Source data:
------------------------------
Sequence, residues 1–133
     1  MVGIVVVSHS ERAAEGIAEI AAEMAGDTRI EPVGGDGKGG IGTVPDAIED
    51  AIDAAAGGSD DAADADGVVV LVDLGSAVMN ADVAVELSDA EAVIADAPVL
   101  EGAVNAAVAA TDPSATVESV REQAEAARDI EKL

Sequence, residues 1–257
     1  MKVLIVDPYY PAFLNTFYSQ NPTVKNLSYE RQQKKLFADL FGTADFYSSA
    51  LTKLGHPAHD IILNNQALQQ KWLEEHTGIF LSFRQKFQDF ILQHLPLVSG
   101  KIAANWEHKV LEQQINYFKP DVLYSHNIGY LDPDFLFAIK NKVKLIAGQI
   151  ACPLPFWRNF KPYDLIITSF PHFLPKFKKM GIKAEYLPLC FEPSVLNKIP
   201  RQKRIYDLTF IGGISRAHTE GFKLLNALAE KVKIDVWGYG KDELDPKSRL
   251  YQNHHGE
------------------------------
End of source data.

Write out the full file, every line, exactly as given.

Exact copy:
Sequence, residues 1–133
     1  MVGIVVVSHS ERAAEGIAEI AAEMAGDTRI EPVGGDGKGG IGTVPDAIED
    51  AIDAAAGGSD DAADADGVVV LVDLGSAVMN ADVAVELSDA EAVIADAPVL
   101  EGAVNAAVAA TDPSATVESV REQAEAARDI EKL

Sequence, residues 1–257
     1  MKVLIVDPYY PAFLNTFYSQ NPTVKNLSYE RQQKKLFADL FGTADFYSSA
    51  LTKLGHPAHD IILNNQALQQ KWLEEHTGIF LSFRQKFQDF ILQHLPLVSG
   101  KIAANWEHKV LEQQINYFKP DVLYSHNIGY LDPDFLFAIK NKVKLIAGQI
   151  ACPLPFWRNF KPYDLIITSF PHFLPKFKKM GIKAEYLPLC FEPSVLNKIP
   201  RQKRIYDLTF IGGISRAHTE GFKLLNALAE KVKIDVWGYG KDELDPKSRL
   251  YQNHHGE